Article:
The 'Girls' star teamed with the 'Swiss Army Man' filmmakers for the interactive film 'Possibilia'
When someone goes through a breakup, there’s often that inevitable replaying of events in the person’s head — the thoughts of what you might do if you could go back and redo it, say things differently, respond differently.
The latest project from the duo known as Daniels (Kwan and Scheinert)— who helmed this year’s buzzy Sundance film Swiss Army Man (yes, the one where Daniel Radcliffe played a farting corpse) — takes that to a mathematical extreme. In Possibilia, the pair crafted an immersive, interactive tale that lets the viewer steer a relationship’s unraveling, choose-your-own adventure style.
Girls star Alex Karpovsky and The Mindy Project’s Zoe Jarman star as the couple in question. When Possibilia begins, their characters are just beginning to call it quits. As the film continues, the screens split in two, and then four, and so on, and viewers can click from screen to screen to see all the different ways the story can play out.
Possibilia screened at the Sundance Film Festival in 2014 and is now available online for viewers to experience for themselves. Ahead of its debut, Karpovsky spoke to EW about wrapping his brain around making an interactive film, crafting the relationship that ends in it, and the “astronomical” number of different ways the film can be seen.
ENTERTAINMENT WEEKLY: This is such a visual kind of project. How was it first presented to you?
ALEX KARPOVSKY: It was presented to me as these two young filmmakers doing something in an interactive space, and then they sent me kind of a loose idea of what the script would be. I thought the idea of exploring a new type of platform could potentially be interesting, and then when I started digging into their work I thought they were just brilliant and amazing. So it was a very easy and quick decision to hop on board.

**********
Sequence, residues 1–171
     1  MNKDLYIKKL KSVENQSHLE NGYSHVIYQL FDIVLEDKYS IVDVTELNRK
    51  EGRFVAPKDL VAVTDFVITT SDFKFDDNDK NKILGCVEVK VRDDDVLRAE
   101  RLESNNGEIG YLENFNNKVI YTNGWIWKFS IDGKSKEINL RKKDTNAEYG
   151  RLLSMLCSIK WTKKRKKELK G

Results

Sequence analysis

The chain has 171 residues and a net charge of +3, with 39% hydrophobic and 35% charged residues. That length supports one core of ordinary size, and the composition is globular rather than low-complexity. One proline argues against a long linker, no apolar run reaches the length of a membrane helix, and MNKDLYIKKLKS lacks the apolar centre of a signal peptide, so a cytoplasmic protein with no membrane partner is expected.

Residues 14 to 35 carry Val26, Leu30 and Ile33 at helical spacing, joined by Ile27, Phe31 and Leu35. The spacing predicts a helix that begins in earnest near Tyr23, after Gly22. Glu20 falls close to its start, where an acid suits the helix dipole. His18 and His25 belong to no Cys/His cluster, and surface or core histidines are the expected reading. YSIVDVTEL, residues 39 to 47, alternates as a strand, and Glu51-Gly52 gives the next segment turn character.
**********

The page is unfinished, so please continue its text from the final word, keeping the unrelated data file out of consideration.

Were there any thoughts of, “How is this going to work?”
I definitely did not fully understand it when they sent me an email explaining it. I kind of got, maybe, a third of it? It wasn’t really until we started shooting, to be honest, and I saw everything in front of me that I began to kind of wrap my mind around the whole thing. And even so, I don’t know if my mind was ever fully, fully, fully wrapped because the editing was so complicated. But I read the script, and then we talked on the phone and they answered a lot of questions I had about how specifically the interactivity would work and where the mini-screens and options for the narrative would present themselves, and that was really helpful. That’s when I got really excited about doing it.
We’re seeing the end of this relationship play out in all these various different ways. How much did you think about what their relationship was like leading up to that point?
We talked a lot about it. I think most of our conversations leading up to it with Zoe and the Daniels was about the nature of the relationship — what is the backstory, what are some of the tensions in play, what are the affinities in play, because there are so many outcomes to this thing that we had to account for all of them and see if their relationship was going to have enough versatility and depth to be able to go to this place, and that place, and the other place.
In many ways, [the film is] a cross-section of a relationship at any given moment — any given serious relationship has elements of ecstasy, and fury, and jealousy, and distance, and a million other things. So what I wanted to understand is how long they’d known each other, what are the things they most respect about each other, if there’s elements of contempt or discontent between them, where are they coming from — just basic lighthouses that can guide us through being able to explore certain types of dynamics in all these various spaces.